St George Olympians celebrated with new exhibition

The Australian women's track relay team, Fleur Mellor, Norma Croker, Betty Cuthbert and Shirley Strickland, which won the 4x100 metres at the 1956 Melbourne Olympic Games. Picture: Supplied
The Australian women's track relay team, Fleur Mellor, Norma Croker, Betty Cuthbert and Shirley Strickland, which won the 4x100 metres at the 1956 Melbourne Olympic Games. Picture: Supplied

A significant number of St George Olympians have taken part in the modern Olympic Games since it began in 1896.

Now, in the lead up to the Tokyo Summer Olympic Games, a new exhibition at Hurstville Museum and Gallery will celebrate these national and local icons.

Striving for Gold: Olympians of St George will showcase Olympic memorabilia as well as stories from the St George region's former Olympians to provide insight into the world's biggest sports competition.

Georges River mayor Kevin Greene encouraged locals too check out the exhibit in the lead up to the games.

"As we get closer to the Tokyo Summer Olympic Games, it is important for us to look back at our history to celebrate our very own Olympians of the St George area, as well as cheer on our 2021 Australian team," he said.

Athletes noted that they trained hard to participate in the Olympics using council facilities, such as Hurstville Oval.

The region's clubs, including St George Women's Amateur Athletics Club, St George Hockey Club and St George Cycling Club, also harboured some of the areas top sporting talent.

Featured in the exhibition will be the Olympic Torch carried in the 2000 Olympics torch relay by Hurstville local, Pauline Jean English OAM; a Paralympics swimming champion in the 1970s, winning gold in the Women's 25m Butterfly 4 event.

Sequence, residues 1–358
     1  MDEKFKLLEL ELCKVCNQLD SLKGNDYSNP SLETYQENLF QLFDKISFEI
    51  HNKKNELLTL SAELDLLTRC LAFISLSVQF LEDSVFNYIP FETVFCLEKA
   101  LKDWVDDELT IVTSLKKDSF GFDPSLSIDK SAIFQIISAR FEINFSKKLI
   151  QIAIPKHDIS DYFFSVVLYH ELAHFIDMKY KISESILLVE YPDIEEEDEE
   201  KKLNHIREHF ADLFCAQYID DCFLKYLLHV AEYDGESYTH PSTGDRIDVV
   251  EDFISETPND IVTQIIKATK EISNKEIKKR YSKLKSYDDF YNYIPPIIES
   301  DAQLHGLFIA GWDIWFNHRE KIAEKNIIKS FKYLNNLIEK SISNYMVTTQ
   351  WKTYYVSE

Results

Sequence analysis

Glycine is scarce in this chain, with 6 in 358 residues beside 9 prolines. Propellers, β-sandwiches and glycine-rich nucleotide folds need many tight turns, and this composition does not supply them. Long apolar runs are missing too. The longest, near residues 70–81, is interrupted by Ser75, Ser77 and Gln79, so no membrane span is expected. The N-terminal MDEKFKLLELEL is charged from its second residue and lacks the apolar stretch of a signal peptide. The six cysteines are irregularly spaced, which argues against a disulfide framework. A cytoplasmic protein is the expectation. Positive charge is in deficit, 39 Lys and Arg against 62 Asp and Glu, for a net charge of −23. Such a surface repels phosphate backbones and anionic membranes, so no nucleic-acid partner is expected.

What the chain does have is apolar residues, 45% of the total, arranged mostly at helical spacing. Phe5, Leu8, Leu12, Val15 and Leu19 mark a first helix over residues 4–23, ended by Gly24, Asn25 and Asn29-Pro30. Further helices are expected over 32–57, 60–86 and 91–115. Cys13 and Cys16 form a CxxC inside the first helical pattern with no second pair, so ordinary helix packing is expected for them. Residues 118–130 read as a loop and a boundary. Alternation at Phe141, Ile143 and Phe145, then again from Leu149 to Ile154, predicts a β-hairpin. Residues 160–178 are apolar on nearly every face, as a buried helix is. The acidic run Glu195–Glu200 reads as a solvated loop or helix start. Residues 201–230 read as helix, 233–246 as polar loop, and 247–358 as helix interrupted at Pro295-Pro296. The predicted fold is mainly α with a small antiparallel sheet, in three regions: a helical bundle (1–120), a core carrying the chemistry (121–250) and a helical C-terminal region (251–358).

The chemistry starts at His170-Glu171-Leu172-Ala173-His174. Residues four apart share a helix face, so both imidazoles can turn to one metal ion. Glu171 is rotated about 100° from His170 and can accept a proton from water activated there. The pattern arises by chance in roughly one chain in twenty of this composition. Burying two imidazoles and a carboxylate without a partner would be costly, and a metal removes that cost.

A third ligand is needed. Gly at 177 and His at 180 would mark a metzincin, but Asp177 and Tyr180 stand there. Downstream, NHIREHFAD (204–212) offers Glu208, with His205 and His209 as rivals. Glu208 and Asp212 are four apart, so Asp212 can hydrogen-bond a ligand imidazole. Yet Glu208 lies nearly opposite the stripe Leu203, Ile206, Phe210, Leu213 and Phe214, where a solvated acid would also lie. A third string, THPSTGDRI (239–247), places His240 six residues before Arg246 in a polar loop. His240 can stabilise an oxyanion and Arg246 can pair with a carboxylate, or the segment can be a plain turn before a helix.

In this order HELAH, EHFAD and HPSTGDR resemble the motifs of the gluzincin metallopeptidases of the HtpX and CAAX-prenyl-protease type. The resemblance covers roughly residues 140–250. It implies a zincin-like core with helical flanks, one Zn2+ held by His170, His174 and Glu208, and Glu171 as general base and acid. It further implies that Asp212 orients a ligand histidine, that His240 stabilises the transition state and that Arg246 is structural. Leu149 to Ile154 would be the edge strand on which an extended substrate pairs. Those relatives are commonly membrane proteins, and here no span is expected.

English recalled that she "was very lucky with the people of the St George area".

In order to compete in the 1976 Toronto Paralympics, Australian athletes needed to raise money for uniforms, airfares and accommodation, and the St George community rallied around English to help raise the $2,500 required.

Striving for Gold will also showcase stories of local gymnasts Ellen Maher and Bruce Sharp.

Competing in the 2019 Special Olympics in Abu Dhabi, Maher said: "I felt happy, proud to be representing Australia, excited and strong."

Meanwhile, Sharp's story highlights the development of technology and equipment in the sports, as he remembered training for the 1956 Olympics in his family's backyard with homemade equipment.

Ron Riley, a local hockey player who competed in three Olympic Games described it as, "a real privilege and something that you'll take to your grave".

"You'll always be an Olympian...to always say that you're an Olympian is just something really special," he said.

Striving for Gold will bring together diverse topics associated with the Olympic Games through a mix of stories, objects, memorabilia, photographs and personal recollections drawn from Hurstville Museum and Gallery, along with loans from public and private collections.

Striving for Gold: Olympians of St George is on display at Hurstville Museum and Gallery from May 8 2021 until July 18 2021.

An event to mark the opening of the exhibition will take place on Friday, May 7 from 6pm.

For more information or to RSVP for the opening event, visit www.georgesriver.nsw.gov.au/HMG.